Change is the way of the world, and while some parts of it
have been slower to adapt than others, there's no avoiding it.
Such is the case in brass fabrication, particularly when lead
is losing favor.
When Gov. Arnold Schwarzenegger signed California Assembly
Bill 1953 in 2006 mandating that all faucets and plumbing
fittings sold in the state be lead-free beginning in 2010, he
jump-started a movement to overturn the entire copper and brass
fabrication industry and force it to consider a world without
traditional leaded alloys.
"For the first time in the history of the United States, a
political issue caused a change in what could and could not be
tolerated as an alloy in a specific application," Tim Strelitz,
president of Los Angeles-based California Metal-X Inc.,
AB1953, a state-wide initiative to reduce the lead content
of plumbing fixtures to less than 0.25 percent from up to 8
percent on wetted surfaces, was intended to minimize the
California public's potential exposure to the toxic metal. But
while California might have been the first step, it surely
wasn't the last. As other states introduced similar legislation
with mixed results, smart producers in all regions began to
look for ways to increase their commitment to lead-free alloys
Toronto-based Ingot Metal Co. Ltd. joined the lead-free
bandwagon early in its development, a move that has proved
worthwhile, according to Hy Shore, the company's director of
purchasing. "The fastest-growing segment of our business is
lead-free. These are definitely viewed as more progressive
alloys," he said, noting that his company expects demand for
lead-free products in the next few years to surge to the point
that Ingot Metal will be able to drop its leaded product line
Although a number of lead-free alloys have been invented
since the turn of the century, from Federal Metal Co.'s
trademarked Federalloy line to the Copper Development
Association's unpatented EnviroBrass family, perhaps one of the
better known is the trademarked Eco Brass, a
copper-zinc-silicon alloy patented by Japanese producer Sambo
Copper Alloy Co., now Mitsubishi Shindoh Co. Ltd. Four North
American companies have the rights to produce the material in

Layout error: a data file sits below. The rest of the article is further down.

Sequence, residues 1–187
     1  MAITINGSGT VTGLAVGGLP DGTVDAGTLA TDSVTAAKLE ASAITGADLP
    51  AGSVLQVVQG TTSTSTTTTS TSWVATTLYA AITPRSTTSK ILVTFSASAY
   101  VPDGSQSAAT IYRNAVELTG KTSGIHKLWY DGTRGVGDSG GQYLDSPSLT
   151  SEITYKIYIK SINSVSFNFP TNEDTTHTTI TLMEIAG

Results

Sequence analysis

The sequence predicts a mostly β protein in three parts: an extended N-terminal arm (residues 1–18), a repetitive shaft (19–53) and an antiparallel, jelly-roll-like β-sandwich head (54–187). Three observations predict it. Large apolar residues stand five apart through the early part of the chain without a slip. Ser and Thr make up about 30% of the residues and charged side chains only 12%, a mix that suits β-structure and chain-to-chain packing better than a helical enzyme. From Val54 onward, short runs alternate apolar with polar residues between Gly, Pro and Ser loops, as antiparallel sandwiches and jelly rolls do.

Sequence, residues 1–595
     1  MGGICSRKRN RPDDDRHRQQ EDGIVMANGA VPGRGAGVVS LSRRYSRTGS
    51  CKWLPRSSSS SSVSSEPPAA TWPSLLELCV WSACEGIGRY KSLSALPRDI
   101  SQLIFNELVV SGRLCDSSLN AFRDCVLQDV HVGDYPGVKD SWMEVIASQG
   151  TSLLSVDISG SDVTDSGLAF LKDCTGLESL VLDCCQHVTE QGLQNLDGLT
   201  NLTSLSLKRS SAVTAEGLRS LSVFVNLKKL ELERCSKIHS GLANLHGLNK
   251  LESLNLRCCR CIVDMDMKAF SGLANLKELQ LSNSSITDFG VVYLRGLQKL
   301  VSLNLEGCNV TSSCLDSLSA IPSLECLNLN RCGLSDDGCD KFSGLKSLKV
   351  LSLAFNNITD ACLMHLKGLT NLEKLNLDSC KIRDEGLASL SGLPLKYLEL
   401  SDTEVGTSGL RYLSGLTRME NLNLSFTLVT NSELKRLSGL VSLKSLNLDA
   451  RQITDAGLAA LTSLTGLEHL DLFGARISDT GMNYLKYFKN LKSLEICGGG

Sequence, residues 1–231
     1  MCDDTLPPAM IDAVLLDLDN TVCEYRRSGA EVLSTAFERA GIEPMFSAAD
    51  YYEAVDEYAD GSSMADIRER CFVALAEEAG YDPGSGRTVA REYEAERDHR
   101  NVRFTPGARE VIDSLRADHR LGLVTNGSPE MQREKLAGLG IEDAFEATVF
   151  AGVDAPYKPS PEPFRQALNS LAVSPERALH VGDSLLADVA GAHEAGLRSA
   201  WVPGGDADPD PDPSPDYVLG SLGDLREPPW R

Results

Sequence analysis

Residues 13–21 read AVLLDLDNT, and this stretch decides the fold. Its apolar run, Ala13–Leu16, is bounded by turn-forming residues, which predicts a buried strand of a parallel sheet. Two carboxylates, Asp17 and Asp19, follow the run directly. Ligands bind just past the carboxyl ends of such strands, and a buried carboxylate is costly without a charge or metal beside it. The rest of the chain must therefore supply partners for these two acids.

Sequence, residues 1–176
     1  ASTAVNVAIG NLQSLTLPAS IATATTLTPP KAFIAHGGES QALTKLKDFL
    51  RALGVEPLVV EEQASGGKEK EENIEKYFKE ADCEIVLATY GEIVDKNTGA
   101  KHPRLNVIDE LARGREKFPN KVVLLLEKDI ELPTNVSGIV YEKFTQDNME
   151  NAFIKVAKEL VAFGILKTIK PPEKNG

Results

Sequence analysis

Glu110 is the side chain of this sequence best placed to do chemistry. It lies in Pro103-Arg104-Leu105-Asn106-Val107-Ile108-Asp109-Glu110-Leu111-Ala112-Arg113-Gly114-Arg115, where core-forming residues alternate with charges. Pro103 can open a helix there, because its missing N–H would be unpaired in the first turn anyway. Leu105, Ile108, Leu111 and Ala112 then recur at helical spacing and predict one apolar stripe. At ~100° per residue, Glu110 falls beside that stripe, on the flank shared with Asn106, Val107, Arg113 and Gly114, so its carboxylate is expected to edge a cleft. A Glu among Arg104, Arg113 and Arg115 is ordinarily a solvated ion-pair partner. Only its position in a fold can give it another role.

its varying forms U.S. licensee Chase Brass & Copper Co.
LLC and sub-licensees Ingot Metal, California Metal-X and
Concast Metal Products Co., Mars, Pa.
Spokesmen from all four companies said that current demand
for Eco Brass is through the roof, despite the poor state of
the overall economy. "With the economy being slow, I think more
people are taking the time to look at something like this,"
Concast president Al Barbour said.
But even with demand on the rise, lead-free alloys might not
be the product for everyone, producers said. Adding lead-free
alloys to a traditionally leaded product line provides a slew
of challenges, they said, and some smaller or less-flexible
producers might not be able to keep up. "You take a large
manufacturing operation and they're scared to death about
changing alloys," Strelitz said.
The biggest challenge for producers of lead-free copper
alloys is the issue of product segregation along all stages of
production, from the arrival of scrap to the packaging of
finished product, sources said. Managing both leaded and
lead-free alloys requires far more forward thinking and
management than running a single alloy, they said.
"You have to keep the scrap separate from all the other
leaded and low-lead alloys we produce, and we produce eight
other rod alloys. Plus, you don't want to get the silicon from
Eco Brass in the other alloys, since it changes the
properties," said Larry Muller, manager of metallurgy and
technical services at Chase Brass. Additionally, the company
must schedule casting production in such a way that
progressively lower-leaded alloys are cast sequentially,
virtually cleaning the machines of all lead before Eco Brass
makes its way into the casting process.
Such an added attention to detail can prove expensive, too.
"If I were to run Eco Brass in a rotary furnace I had just run
leaded alloys through, I would run through copper to clean up.
And that's a big expense one-half to two-thirds of that furnace
has to be washed out with a No. 2 copper to clean any lead that
is in the refractory," Strelitz said.
"We think it's the alloy that's going to be successful and
we think it's going to be very good for American industry, but
it's an uphill fight right now," he said.
But despite the challenges that go into removing lead from a
traditionally leaded product line, producers of Eco Brass
contend that the shift will be worth it in the long run. "In
brasses and bronzes, I see the use of lead diminishing," Shore
said. "No one wants to melt it, no one wants it in their plants
and consumers don't want it in their products, and I don't see
that reversing any time soon."